GENEVA - Significant progress has been made in removing land mines around the world, but the hidden devices killed more than 1,260 people last year, the International Campaign to Ban Land mines said yesterday.
Land mines have been cleared from 1,236 square miles in 90 countries - an area twice the size of London - in the last decade, said the group, which received the 1997 Nobel Peace Prize for its work to establish the Mine Ban Treaty. But more needs to be done because a similar amount of land is still mined and dangerous, the group said.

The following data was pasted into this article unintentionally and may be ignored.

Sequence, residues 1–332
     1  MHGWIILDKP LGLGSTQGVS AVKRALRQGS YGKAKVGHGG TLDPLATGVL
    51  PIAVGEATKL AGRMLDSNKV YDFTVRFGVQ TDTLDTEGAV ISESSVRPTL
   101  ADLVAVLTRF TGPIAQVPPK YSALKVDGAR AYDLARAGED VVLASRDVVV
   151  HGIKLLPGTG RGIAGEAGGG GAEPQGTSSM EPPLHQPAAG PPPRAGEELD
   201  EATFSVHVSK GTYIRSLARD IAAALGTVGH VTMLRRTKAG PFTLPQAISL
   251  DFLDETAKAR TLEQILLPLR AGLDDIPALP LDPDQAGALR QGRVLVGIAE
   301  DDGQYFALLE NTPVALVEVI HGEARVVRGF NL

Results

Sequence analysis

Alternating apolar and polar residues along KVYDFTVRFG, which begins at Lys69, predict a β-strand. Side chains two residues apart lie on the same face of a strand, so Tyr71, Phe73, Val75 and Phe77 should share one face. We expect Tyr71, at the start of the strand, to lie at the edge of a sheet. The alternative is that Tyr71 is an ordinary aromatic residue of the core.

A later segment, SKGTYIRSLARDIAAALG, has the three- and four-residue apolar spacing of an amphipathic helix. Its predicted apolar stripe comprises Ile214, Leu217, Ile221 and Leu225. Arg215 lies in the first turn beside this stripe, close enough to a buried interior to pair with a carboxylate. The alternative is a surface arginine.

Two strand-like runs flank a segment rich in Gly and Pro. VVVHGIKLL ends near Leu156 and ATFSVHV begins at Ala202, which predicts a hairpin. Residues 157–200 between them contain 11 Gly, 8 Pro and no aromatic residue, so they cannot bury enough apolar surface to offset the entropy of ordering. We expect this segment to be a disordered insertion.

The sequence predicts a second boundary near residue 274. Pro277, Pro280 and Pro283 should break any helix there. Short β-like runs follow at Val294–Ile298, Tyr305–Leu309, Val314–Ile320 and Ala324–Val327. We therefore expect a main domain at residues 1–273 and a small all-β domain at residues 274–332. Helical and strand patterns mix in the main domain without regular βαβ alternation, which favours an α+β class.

Mines remain planted in the earth in more than 70 countries, said the group’s 1,253-page report. Mines killed at least 1,266 people and wounded 3,891 last year, it said, adding that most of the victims were civilians.
“Significant progress has been made in eradicating anti-personnel mines, but much work remains,’’ the report said.
While more than 150 countries have agreed to the treaty’s provisions to end the production, use, stockpiling, and trade in mines, a number of holdouts remain. China, India, Pakistan, and the United States are among those yet to join the treaty, but only Myanmar and Russia are believed to have used mines in recent years, the campaign said.